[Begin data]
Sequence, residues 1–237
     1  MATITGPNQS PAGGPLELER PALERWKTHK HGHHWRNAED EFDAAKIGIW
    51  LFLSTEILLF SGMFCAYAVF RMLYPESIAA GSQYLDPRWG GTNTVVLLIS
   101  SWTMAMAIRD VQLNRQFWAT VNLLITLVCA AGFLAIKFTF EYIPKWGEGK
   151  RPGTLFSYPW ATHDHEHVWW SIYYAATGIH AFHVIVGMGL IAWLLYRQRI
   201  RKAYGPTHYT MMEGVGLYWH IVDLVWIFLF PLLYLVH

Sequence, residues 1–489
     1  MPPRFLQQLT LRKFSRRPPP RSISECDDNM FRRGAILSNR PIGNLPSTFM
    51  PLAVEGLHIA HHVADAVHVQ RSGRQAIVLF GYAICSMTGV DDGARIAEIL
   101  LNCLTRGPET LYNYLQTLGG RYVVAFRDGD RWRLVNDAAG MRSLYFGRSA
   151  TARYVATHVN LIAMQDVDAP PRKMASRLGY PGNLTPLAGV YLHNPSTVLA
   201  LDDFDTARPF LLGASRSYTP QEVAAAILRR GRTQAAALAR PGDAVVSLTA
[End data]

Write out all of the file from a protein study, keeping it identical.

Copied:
Sequence, residues 1–237
     1  MATITGPNQS PAGGPLELER PALERWKTHK HGHHWRNAED EFDAAKIGIW
    51  LFLSTEILLF SGMFCAYAVF RMLYPESIAA GSQYLDPRWG GTNTVVLLIS
   101  SWTMAMAIRD VQLNRQFWAT VNLLITLVCA AGFLAIKFTF EYIPKWGEGK
   151  RPGTLFSYPW ATHDHEHVWW SIYYAATGIH AFHVIVGMGL IAWLLYRQRI
   201  RKAYGPTHYT MMEGVGLYWH IVDLVWIFLF PLLYLVH

Sequence, residues 1–489
     1  MPPRFLQQLT LRKFSRRPPP RSISECDDNM FRRGAILSNR PIGNLPSTFM
    51  PLAVEGLHIA HHVADAVHVQ RSGRQAIVLF GYAICSMTGV DDGARIAEIL
   101  LNCLTRGPET LYNYLQTLGG RYVVAFRDGD RWRLVNDAAG MRSLYFGRSA
   151  TARYVATHVN LIAMQDVDAP PRKMASRLGY PGNLTPLAGV YLHNPSTVLA
   201  LDDFDTARPF LLGASRSYTP QEVAAAILRR GRTQAAALAR PGDAVVSLTA